The brightest of the bunch is NGC 6207, a 12th-magnitude spiral set just 28' to the northeast from the heart of the globular. To find it, switch to a wide-field eyepiece that just squeezes M13's two "sentry stars," SAO 65481 to the southwest and SAO 65508 to the east, into the same field as the cluster.  From the eastern sentry star, scan about half a degree north to 8th-magnitude SAO 65509.  The faint glow of the galaxy lies about halfway between those two stars, and just west of a small triangle of 13th-magnitude suns.  Although it measures only 3.3' x 1.7' in size, NGC 6207 is bright enough to be seen in 6-inch telescopes under dark, rural sky conditions.  Look for an elliptical glow oriented northeast-southwest and punctuated by a faint stellar core.

William Herschel discovered NGC 6207, but he missed IC 4617.  Can you do better?  You'll find it centered between NGC 6207 and M13, just touching the western side of a trapezoid of 13th-magnitude stars.  This little cigar-shaped spiral is a fairly tough catch with my 18-inch from my suburban backyard, but is clearly visible through my 10-inch under better conditions. Aperture is great, but there is no substitution for dark skies.

If IC 4617 was a little too demanding, NGC 6196, the brightest of a trio of galaxies found about a degree southwest of the globular, should prove easier.  Under dark skies, a 10-inch shows this 14th-magnitude target as a small, round glow highlighted by a brighter central core. 

A second, dimmer galactic smudge is nestled 6' to the southeast.  The true identity of this second object is IC 4616, although some references identify it incorrectly as NGC 6197.  The confusion dates back to German-born astronomer Albert Marth (1828-1897).  Marth came to England in 1853 and eventually became British astronomer William Lassell's (1799-1880) assistant at Lassell's observatory in Malta.  There, Marth went on to discover more than 600 new deep-sky objects through the observatory’s 48-inch reflector between 1863 and 1865.  He bumped into this galactic pair on July 9, 1864, but incorrectly recorded their positions.  The errant galaxy was subsequently reidentifed as IC 4616 by French astronomer Camille Guillaume Bigourdan (1851-1932) after a search found nothing at Marth's original location.  Subsequent historical studies now conclude they are one and the same.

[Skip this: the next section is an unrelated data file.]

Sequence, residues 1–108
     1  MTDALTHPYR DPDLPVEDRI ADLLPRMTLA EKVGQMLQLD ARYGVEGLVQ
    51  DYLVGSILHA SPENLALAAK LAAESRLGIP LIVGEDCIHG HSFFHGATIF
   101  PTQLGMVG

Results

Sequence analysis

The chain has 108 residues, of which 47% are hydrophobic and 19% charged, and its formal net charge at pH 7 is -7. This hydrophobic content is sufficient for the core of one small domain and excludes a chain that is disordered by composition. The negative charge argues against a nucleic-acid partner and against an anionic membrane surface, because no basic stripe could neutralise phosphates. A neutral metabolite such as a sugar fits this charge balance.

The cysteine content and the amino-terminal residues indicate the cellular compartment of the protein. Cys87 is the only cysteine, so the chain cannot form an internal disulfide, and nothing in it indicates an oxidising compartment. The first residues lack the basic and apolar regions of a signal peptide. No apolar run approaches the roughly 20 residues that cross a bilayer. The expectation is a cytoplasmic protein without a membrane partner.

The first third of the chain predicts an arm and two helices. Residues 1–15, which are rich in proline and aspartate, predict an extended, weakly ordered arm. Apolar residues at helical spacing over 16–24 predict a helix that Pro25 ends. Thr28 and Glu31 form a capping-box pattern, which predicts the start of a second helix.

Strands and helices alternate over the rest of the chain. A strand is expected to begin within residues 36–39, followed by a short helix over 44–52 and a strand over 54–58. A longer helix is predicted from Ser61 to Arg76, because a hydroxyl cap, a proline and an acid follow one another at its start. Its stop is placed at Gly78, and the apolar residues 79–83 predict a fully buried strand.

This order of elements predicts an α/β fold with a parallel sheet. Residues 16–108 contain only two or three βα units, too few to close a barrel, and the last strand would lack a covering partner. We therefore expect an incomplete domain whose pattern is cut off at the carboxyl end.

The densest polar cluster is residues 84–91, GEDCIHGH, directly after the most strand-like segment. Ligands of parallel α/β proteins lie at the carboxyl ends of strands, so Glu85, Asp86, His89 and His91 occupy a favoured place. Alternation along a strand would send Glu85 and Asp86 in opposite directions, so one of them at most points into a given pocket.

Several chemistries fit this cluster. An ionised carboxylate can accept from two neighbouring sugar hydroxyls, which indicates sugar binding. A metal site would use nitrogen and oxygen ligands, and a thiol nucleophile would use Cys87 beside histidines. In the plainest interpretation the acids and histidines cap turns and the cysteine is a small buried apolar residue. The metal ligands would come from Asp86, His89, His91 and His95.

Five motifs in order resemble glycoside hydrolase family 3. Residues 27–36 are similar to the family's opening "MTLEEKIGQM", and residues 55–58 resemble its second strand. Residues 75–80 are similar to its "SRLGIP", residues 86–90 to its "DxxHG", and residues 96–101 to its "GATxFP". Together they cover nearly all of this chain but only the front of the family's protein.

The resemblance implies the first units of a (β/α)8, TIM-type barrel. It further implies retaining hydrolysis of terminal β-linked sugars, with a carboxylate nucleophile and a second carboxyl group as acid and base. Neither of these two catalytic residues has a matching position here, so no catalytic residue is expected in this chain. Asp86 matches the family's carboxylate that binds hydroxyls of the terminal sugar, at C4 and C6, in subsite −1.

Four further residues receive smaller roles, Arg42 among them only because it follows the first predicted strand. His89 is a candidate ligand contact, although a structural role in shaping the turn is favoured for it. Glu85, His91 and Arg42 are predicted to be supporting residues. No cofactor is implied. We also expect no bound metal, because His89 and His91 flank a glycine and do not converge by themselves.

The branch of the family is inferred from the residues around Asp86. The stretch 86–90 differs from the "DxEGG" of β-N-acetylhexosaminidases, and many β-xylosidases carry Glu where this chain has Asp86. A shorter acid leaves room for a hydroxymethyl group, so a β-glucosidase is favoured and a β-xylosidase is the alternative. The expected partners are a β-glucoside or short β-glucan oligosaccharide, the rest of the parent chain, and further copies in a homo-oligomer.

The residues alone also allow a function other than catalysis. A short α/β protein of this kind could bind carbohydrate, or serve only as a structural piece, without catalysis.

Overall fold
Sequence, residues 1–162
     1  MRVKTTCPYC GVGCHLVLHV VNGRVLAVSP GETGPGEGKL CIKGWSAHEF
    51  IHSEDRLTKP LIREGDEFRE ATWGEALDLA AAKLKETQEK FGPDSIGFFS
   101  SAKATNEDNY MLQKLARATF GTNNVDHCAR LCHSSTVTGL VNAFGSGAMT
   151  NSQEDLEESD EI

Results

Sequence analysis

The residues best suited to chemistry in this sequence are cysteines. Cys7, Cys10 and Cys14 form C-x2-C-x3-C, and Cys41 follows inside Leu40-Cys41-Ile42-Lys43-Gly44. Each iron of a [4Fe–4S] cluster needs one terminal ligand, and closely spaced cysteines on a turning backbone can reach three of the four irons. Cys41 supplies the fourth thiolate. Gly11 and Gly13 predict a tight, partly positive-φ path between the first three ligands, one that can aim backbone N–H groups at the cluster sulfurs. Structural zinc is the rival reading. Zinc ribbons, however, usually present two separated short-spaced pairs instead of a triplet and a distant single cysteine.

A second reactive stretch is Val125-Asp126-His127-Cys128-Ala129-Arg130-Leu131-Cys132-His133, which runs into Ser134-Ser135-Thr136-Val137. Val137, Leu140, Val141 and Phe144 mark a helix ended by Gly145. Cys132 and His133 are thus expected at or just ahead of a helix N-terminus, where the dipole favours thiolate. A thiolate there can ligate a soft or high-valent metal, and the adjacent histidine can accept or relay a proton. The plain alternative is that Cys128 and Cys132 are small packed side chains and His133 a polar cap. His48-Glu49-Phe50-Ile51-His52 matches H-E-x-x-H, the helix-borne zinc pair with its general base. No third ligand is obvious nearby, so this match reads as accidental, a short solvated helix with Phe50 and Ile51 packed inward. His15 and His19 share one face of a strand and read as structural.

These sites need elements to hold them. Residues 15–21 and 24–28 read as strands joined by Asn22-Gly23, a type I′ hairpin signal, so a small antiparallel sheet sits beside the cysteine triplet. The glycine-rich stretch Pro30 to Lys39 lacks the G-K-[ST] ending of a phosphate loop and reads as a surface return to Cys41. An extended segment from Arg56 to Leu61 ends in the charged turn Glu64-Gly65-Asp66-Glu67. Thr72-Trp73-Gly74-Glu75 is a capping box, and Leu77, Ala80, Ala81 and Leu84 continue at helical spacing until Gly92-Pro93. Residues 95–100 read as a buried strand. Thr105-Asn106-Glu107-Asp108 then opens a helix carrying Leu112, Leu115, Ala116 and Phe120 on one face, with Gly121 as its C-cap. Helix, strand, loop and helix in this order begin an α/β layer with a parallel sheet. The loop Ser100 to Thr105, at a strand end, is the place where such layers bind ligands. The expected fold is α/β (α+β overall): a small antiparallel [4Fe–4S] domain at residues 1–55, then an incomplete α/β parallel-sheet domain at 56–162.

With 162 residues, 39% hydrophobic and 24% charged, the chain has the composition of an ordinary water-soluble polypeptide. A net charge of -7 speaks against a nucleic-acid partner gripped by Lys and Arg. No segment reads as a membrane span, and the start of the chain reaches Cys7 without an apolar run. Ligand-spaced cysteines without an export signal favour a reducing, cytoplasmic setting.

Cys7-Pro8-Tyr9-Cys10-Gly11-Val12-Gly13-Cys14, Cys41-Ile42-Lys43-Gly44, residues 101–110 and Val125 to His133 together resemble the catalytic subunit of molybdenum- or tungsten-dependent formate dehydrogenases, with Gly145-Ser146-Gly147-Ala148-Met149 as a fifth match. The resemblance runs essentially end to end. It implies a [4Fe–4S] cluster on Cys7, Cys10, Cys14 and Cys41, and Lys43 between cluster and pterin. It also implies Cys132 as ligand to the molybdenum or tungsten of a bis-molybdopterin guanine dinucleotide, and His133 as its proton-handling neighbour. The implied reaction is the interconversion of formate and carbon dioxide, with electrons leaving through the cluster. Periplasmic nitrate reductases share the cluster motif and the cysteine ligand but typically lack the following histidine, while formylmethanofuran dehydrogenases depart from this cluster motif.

Next, try your luck with IC 4614, set 3' northwest of NGC 6196.  Like IC 4616, IC 4614 is rated at 15th magnitude and takes a special night to be seen through even the largest backyard scopes.

The furthest west of the bunch is NGC 6194.  Lying 1.1° west-southwest of M13, this little elliptical galaxy shines at 14th magnitude and spans just 1' across.  You'll need at least 150x to see its small, amorphous glow.

Above: The view of (left to right) NGC 6194, IC 4614, NGC 6196, and IC 4616 through my 18-inch Newtonian.